The ISM said the court’s verdict was a “travesty of justice” but “not exceptional”.

“As a rule the Israeli legal system provides Israeli soldiers impunity to commit murder,” it said.

Craig Corrie expressed similar sentiments.

“We’ve seen from the highest levels of the military that they thought they could kill people on that border with impunity,” he said.

The family first launched their civil action in 2005, for a symbolic sum of $1, plus costs, but court hearings only began in March 2010.

Senior Palestinian official Hanan Ashrawi denounced the verdict as “a miscarriage of justice” and said the judge had ignored “overwhelming proof that Rachel was deliberately murdered.”

“This proves that once again, the occupation has distorted the legal and judicial systems in Israel, and that the lack of accountability for its violence and violations has generated a culture of hate and impunity,” Mr Ashrawi said.

She also lashed out at Washington over its “deafening” silence, saying it made the US administration complicit in Israel’s crimes.

US State Department spokeswoman Victoria Nuland said she understood the family’s disappointment, but added: “It’s probably not productive to get into the middle of a legal process that may be ongoing.”

A spokesman for Israeli Prime Minister Benjamin Netanyahu called Corrie’s death “an unnecessary tragedy,” but said the court ruled in accordance with the evidence that “the Israeli side was not responsible, and on the contrary, if there was irresponsible behaviour – it was by the activists.”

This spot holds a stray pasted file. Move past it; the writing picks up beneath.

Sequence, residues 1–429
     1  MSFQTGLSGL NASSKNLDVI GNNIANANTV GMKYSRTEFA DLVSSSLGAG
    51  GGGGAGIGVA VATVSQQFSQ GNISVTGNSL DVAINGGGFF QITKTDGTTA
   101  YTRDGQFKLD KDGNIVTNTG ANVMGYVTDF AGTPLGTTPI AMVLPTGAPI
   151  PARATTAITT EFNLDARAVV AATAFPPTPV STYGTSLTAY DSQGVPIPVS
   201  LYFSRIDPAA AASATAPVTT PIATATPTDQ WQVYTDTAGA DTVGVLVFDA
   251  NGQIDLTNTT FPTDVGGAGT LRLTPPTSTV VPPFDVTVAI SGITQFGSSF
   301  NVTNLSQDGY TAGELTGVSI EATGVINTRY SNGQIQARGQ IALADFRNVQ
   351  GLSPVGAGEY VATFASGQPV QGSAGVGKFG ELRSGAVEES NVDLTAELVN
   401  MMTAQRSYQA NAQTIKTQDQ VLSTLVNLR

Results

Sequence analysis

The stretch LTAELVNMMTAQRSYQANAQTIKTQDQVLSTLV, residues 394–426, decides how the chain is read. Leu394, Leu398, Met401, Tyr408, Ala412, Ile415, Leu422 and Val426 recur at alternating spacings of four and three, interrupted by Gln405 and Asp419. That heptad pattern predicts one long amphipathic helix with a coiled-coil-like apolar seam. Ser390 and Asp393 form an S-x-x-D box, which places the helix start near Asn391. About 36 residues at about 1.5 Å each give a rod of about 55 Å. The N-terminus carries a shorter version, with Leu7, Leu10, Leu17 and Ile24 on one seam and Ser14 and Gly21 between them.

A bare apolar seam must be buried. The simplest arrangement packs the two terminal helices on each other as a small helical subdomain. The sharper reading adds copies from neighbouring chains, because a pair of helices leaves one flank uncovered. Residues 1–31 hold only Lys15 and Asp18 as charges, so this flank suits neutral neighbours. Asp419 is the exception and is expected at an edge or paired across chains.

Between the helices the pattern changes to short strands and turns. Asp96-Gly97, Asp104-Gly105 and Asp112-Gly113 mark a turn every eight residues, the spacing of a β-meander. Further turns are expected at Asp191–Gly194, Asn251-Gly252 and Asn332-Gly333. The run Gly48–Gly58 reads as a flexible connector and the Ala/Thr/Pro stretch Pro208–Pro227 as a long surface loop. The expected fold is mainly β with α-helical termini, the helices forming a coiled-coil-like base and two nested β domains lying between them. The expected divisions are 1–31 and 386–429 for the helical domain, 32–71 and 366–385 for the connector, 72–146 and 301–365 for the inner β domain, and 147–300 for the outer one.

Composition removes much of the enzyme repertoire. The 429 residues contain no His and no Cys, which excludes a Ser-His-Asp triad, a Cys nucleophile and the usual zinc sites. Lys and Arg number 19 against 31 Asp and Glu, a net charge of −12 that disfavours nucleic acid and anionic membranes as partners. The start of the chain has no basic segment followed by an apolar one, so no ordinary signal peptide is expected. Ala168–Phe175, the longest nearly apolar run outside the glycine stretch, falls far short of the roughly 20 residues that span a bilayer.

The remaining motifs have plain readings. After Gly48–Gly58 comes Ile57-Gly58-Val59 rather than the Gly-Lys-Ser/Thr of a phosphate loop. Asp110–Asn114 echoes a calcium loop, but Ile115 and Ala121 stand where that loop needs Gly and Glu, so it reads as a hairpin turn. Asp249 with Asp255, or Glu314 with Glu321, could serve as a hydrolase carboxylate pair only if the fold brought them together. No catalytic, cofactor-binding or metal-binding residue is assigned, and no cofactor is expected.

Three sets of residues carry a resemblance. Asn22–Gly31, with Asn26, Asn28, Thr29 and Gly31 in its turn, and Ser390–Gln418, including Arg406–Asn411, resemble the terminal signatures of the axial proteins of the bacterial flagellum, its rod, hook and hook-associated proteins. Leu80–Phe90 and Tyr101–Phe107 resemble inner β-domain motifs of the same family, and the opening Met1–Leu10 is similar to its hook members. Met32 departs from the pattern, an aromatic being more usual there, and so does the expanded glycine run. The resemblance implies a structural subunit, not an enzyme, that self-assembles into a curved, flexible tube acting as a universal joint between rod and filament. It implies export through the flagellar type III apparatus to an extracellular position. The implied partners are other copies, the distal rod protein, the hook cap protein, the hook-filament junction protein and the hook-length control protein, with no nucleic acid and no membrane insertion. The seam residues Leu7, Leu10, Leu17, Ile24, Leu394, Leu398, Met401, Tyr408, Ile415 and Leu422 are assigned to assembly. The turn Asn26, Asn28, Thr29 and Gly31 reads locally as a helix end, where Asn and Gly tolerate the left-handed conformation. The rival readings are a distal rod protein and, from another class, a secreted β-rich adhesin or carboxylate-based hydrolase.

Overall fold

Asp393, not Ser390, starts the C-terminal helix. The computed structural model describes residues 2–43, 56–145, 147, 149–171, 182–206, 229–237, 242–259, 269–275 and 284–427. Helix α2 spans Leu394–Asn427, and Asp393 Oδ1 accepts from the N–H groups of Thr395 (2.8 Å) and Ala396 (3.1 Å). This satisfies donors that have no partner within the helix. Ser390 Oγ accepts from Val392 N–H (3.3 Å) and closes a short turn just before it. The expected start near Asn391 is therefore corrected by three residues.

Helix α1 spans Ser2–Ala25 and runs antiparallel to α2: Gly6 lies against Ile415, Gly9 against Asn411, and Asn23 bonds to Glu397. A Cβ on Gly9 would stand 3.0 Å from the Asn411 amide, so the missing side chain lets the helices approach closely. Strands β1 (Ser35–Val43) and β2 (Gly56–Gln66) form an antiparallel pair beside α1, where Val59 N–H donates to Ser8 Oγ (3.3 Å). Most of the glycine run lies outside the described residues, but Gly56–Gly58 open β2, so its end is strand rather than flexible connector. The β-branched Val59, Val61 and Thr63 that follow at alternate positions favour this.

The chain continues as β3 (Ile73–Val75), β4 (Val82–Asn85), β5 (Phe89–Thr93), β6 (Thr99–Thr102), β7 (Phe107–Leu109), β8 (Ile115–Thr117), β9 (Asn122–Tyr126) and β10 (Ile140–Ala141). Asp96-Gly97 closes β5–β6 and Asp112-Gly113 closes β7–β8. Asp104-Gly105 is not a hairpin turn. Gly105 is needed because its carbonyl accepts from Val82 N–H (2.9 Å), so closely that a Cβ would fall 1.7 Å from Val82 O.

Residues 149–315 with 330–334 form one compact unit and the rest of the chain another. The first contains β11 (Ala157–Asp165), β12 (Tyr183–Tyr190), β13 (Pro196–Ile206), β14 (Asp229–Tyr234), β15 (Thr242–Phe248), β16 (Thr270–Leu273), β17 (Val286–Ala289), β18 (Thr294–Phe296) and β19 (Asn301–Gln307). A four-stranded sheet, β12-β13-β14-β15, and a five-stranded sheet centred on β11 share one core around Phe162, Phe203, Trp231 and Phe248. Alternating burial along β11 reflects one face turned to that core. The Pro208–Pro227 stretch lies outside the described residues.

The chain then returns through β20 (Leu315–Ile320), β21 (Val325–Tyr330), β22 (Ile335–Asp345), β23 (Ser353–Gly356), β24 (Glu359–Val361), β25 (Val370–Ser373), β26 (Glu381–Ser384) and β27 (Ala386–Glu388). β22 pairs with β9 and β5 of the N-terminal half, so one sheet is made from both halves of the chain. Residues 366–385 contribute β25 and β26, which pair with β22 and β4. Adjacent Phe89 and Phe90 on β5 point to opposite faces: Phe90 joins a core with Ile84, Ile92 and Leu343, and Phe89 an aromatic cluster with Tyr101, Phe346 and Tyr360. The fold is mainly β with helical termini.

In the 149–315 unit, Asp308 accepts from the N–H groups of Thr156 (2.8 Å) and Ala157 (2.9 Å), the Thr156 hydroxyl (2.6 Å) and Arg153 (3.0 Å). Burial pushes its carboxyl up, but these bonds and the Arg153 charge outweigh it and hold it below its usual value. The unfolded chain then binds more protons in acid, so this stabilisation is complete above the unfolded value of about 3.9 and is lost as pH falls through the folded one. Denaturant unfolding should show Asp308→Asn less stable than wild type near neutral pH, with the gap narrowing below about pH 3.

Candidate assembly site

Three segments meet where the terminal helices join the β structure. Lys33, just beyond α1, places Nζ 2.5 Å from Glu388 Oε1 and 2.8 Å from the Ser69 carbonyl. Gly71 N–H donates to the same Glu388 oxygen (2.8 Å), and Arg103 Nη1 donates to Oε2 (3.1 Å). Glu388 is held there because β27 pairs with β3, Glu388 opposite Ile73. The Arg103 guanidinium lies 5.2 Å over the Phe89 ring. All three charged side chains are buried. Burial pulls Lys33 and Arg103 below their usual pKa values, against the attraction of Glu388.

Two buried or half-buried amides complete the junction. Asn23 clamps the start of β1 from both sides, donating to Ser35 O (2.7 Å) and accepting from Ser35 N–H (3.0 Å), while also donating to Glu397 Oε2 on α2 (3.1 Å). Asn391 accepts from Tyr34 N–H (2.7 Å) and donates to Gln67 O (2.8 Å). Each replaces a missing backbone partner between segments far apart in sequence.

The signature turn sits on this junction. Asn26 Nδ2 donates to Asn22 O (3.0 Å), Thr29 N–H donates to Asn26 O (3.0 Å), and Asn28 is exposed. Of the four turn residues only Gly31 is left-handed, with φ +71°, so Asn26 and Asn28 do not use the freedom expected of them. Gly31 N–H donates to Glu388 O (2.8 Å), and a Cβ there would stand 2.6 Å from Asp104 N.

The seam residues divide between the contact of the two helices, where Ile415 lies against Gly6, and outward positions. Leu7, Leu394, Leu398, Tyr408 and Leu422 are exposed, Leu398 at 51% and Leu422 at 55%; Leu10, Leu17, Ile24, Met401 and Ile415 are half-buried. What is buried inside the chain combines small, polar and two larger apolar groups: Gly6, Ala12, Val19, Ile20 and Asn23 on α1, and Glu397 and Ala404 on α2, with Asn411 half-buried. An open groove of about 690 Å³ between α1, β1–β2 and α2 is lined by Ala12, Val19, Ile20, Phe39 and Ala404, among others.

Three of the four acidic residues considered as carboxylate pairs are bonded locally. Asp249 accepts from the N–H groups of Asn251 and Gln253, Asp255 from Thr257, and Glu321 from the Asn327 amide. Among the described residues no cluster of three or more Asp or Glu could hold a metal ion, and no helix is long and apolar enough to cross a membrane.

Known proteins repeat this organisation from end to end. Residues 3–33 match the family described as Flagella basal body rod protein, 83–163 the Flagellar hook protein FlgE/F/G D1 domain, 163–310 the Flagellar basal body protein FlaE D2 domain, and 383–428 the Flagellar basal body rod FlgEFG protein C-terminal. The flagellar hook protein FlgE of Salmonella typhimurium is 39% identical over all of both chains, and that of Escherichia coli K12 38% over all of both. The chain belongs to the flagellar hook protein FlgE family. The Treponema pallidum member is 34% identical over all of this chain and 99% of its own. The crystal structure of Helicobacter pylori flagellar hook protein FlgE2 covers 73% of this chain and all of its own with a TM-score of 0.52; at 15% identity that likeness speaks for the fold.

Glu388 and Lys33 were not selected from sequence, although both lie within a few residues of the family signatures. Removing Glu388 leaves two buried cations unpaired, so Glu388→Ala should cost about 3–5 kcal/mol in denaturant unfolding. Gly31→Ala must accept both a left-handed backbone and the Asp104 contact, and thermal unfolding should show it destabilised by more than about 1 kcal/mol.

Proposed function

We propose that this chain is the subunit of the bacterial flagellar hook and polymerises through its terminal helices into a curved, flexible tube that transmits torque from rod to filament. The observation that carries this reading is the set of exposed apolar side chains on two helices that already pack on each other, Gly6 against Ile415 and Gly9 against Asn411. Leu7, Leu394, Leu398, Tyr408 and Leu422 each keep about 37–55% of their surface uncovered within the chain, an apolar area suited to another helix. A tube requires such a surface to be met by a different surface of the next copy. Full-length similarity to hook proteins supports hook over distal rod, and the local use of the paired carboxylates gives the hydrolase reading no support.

He also rejected the criticism of the Israeli legal system levelled by Corrie’s family members, saying they were “not objective” and that “there are numerous cases where the judicial branch rules against the executive branch.”

Corrie was killed at the height of the second intifada or uprising (2000-2005) and quickly became a symbol of foreign support for the Palestinian cause. She was the subject of a 2005 play based on her emails and diary.





Wednesday, August 22nd, 2012


The Humanitarian Innovation Fund (HIF) is a unique grant opportunity for organizations engaged in providing humanitarian assistance through the use of new technologies, products and processes.

The fund was set up as a partnership between ELRHA (Enhancing Learning and Research for Humanitarian Assistance) and ALNAP (The Active Learning Network for Accountability and Performance in Humanitarian Action); and is hosted by Save the Children UK.

It has received contributions from the UK Department of International Development (DFID), Canadian International Development Agency (CIDA) and the Swedish Ministry of Foreign Affairs for a total amount of over £1.8 Million.

There are two types of grants offered by HIF:

  • Large Grant
  • Small Grant

The large grant is a limited opportunity where proposals are invited only during certain time of the year. The small grant facility is permanently open for proposals and organizations can request up to £20,000 of funding support. These grants are available for a period of 6 months.

HIF strongly encourages consortia applications that bring together a range of actors and draw on a relevant diversity of knowledge, experience and expertise.